SPOILER ALERT! To get the big unanswered question out of the way up front, don’t count on a Husker Du reunion any time soon.
“Beyond my personal reasons for not looking back, a Husker Du reunion would surely tarnish the history of the band,” front man/guitarist Bob Mould writes in See a Little Light.
In his exhaustive new bio, Mould – co-founder of the highly influential Minneapolis indie punk group Husker Du – makes it very clear how he feels about his former band mates. From internal fights over royalties to drug problems, Mould has no intentions to go back home again, at least not to Husker Du. A Sugar reunion – his post Husker project? Who knows?
See a Little Light, written with rock journalist Michael Azerrad (known best for his book Our Band Could Be Your Life), is a gratifying take on Mould’s life, from his early beginnings in an unhappy home in Upstate New York, to the founding of Husker Du during his college days in Minnesota, up through the band’s antagonistic endings, the brief career of the successful alt rock group Sugar and his current role as a solo artist. But the most interesting insights into Mould’s world he saves for talking about his life as a semi-closeted gay rocker. While he never really came out as a gay musician early on, partly because of his being uncomfortable with how gay men were often portrayed as weak and effeminate, thanks to a new set of gay friends, Mould learned to embrace and ultimately revel in his new role as gay rock icon.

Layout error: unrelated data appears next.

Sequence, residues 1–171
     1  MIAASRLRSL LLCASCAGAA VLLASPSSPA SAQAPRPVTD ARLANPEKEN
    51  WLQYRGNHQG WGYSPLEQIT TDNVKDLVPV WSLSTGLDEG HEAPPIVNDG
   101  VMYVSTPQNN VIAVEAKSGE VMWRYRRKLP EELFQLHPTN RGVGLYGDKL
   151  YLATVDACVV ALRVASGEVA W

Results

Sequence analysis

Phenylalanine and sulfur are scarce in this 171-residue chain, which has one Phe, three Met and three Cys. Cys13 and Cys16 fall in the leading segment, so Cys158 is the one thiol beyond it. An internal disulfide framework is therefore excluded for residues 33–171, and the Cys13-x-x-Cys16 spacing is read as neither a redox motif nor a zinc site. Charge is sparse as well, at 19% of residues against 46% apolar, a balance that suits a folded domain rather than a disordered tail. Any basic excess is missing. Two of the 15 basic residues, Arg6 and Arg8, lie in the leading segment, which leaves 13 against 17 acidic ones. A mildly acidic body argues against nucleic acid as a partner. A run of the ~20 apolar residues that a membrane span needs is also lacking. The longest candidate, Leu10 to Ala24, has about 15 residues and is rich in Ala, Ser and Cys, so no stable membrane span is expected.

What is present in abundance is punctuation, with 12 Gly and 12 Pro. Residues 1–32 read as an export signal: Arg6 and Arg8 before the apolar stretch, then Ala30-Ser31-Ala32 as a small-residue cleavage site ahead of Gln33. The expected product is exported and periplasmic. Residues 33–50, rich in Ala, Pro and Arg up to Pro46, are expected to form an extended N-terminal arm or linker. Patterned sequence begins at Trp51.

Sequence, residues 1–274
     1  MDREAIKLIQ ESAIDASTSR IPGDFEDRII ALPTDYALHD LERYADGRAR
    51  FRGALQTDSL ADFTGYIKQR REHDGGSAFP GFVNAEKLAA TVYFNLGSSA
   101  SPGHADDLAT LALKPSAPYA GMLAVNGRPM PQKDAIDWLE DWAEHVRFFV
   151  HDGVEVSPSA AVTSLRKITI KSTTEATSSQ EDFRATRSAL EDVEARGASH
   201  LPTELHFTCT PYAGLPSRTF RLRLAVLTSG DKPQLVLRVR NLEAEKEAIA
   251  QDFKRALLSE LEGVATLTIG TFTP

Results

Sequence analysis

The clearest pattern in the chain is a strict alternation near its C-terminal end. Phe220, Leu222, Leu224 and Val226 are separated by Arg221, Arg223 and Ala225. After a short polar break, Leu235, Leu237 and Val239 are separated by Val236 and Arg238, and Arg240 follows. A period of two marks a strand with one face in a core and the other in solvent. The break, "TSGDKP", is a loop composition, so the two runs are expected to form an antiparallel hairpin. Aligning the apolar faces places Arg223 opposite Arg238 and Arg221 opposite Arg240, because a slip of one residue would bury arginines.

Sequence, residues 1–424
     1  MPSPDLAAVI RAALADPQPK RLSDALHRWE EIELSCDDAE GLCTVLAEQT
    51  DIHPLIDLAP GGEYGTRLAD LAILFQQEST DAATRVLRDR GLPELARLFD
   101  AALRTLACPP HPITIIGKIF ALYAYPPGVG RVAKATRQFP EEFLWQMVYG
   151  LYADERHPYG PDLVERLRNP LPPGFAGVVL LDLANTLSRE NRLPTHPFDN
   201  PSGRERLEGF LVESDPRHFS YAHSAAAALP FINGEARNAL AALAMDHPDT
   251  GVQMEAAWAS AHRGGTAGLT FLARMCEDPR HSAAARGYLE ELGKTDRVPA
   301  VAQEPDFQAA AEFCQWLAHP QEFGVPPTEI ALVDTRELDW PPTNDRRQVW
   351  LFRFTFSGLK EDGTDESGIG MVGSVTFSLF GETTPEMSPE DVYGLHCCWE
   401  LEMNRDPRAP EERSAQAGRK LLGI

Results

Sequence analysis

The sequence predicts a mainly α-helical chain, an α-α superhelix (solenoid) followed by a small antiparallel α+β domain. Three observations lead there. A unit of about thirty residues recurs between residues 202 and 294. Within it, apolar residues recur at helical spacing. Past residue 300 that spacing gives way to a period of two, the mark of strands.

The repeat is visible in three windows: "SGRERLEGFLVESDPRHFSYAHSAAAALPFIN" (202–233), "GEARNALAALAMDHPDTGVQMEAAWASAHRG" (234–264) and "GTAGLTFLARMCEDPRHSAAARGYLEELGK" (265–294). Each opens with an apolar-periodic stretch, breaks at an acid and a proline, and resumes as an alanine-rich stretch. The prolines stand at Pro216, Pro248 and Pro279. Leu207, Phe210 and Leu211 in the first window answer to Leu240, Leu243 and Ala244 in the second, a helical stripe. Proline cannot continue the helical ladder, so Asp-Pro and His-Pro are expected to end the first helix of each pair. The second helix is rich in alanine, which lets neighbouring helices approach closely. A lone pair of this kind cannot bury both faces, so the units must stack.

There’s still plenty of plenty of fun insights into Mould’s life as a musician crammed into the book, (Husker Du and The Replacements actually got along; Mould’s connections to Jon Stewart and The Daily Show; and many more) its Mould’s personal revelations that are the most intriguing.
A lot has been written by others about Husker Du’s demise and about Mould himself, it’s refreshing to finally hear Mould’s side of things.
See a Little Light: The Trail of Rage and Melody by Bob Mould/Hardcover/416 Pages/Little, Brown and Company/2011